Can a Muslim-majority country, freed from the strictures of dictatorship, bring forth and preserve a democracy that grants equal rights to minorities and women, protects free speech and political dissent, and does not insist on the imposition of Islamic law? Tariq Ramadan’s unwillingness to engage this question, in a book purportedly about the social and political future of the post-Arab Spring Middle East, denies a fundamental tension at the heart of Islam.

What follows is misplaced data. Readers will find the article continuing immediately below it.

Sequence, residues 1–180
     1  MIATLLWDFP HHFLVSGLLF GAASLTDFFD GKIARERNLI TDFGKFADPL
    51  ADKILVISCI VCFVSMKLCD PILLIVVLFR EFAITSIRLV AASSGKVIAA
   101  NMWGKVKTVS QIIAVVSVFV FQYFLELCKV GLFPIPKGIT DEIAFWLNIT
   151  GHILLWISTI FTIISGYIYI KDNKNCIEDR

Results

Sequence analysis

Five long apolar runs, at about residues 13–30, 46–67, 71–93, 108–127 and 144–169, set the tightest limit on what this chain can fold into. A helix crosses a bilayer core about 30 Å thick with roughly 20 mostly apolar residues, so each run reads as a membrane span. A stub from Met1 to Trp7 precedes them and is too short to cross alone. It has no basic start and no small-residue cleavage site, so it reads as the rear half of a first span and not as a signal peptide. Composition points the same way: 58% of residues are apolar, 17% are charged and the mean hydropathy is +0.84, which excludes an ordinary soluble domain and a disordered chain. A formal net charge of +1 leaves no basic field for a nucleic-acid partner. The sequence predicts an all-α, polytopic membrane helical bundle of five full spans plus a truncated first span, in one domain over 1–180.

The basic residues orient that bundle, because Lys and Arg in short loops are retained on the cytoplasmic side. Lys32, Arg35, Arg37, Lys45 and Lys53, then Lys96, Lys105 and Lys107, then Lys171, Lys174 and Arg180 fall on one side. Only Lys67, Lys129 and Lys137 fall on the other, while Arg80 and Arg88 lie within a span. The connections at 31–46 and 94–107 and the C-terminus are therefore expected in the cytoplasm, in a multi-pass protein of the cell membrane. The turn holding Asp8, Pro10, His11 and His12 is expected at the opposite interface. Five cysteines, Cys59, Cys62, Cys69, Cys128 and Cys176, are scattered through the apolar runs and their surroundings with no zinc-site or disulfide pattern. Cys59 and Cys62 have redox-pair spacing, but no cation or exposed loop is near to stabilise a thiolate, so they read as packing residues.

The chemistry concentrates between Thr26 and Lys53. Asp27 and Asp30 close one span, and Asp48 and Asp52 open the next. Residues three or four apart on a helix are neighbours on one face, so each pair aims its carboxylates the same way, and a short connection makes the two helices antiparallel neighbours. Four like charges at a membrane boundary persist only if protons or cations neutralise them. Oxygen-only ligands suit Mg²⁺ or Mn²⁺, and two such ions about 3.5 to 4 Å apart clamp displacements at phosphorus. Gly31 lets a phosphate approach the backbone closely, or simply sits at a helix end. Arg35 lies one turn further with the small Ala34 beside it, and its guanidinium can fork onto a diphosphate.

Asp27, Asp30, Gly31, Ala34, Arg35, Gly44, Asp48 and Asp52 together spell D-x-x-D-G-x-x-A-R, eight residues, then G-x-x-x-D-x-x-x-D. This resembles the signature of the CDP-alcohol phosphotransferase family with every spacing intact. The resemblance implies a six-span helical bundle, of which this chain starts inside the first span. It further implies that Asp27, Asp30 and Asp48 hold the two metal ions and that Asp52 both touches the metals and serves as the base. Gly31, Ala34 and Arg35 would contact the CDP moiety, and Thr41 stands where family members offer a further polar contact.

Also today, Filip Mazurczak defends Archbishop Oscar Romero:
On March 24, 1980, Archbishop Oscar Romero was shot during the celebration of Mass by the death squadrons of El Salvador’s military government. Today his reputation is undergoing a second assassination: Critics have responded to the floating of his name for beatification by wrongly charging the man with supporting violence, communism, and heresy. Those who would make the archbishop a radical hero have offered their own version of these claims in approving tones. Both are wrong.